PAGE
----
Va. Assembly Agrees To Special Session

Assembly expected to reconvene March 21

Saturday, Mar 10, 2012  |  Updated 4:01 PM EDT
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Va. Assembly Agrees To Special Session

ASSOCIATED PRESS

House Appropriations Committee chairman, Del. Lacey Putney, I-Bedford, right, addresses the House during the session at the Capitol in Richmond, Va., Thursday, March 1, 2012. Putney asked for unanimous consent to introduce a budget bill. The House acceded to the request. (AP Photo/Steve Helber)

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The Virginia House of Delegates and the Virginia Senate have jointly agreed on a resolution that asks Gov. Bob McDonnell to call a special session of the General Assembly to discuss the state's budget.

The legislature was scheduled to adjourn Saturday, but has failed to reach agreement on a budget for the state government over the next two years.

McDonnell has said that he would sign the resolution to reconvene the legislature. According to the Richmond Times-Dispatch, the special session is expected to begin March 21.

The budget has stalled due to partisan disputes in the Virginia Senate. McDonnell's two-year, $85 billion spending plan, which passed the House of Delegates, is currently in the Senate's Finance Committee. Democratic-led efforts have defeated two previous budget proposals.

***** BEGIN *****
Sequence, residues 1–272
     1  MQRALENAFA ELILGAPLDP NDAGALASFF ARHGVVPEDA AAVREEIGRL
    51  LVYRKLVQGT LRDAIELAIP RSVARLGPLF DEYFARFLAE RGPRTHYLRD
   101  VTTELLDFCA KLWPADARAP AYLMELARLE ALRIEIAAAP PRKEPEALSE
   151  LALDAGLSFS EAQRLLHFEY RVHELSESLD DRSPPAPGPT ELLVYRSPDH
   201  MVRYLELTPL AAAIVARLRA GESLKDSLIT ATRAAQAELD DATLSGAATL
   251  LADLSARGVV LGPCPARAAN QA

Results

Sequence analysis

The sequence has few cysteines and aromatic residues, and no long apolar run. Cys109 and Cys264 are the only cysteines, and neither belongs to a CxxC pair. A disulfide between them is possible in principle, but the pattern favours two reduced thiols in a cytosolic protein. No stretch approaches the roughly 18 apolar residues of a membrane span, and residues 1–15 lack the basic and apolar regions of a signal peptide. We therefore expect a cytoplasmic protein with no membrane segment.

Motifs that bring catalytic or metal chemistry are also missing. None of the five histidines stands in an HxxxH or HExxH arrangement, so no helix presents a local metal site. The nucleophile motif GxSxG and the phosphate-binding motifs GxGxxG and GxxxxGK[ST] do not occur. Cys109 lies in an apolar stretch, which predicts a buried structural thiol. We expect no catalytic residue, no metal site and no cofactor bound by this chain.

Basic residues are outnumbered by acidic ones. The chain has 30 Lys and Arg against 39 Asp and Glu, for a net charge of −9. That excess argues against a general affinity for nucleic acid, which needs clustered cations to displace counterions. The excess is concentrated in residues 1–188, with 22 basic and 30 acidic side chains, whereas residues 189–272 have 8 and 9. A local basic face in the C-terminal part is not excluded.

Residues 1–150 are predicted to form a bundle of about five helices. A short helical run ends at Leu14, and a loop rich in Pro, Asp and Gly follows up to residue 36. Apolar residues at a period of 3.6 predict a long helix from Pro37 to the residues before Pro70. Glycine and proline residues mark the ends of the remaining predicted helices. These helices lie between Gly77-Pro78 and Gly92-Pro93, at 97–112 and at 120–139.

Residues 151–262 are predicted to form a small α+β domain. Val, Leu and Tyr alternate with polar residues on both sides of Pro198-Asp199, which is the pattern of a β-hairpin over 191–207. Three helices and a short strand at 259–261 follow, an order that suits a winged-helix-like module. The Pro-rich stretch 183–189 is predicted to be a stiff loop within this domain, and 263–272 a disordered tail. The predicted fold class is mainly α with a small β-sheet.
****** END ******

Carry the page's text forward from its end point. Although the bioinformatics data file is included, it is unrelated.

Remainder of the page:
State Democrats have put forward additional amendments that would call for an additional $450 million in spending. $150 million of that amount would go toward public education, while the rest would toward transportation and reducing the impact of tolls in Northern Virginia and Hampton Roads.

Democrats have also called on McDonnell to abandon his plan to divert additional sales tax revenue to transportation in favor of tying the state's gasoline tax to rise with inflation. They also say the state should pay for the costs of a new law that will require women to get ultrasounds before they can get an abortion.

McDonnell's proposed budget must pass the Senate Finance Committee before going before the full Senate, whose membership consists of 20 Democrats and 20 Republicans. Lieutenant Governor Bill Bolling, who presides over the Senate can not break ties on budget matters.

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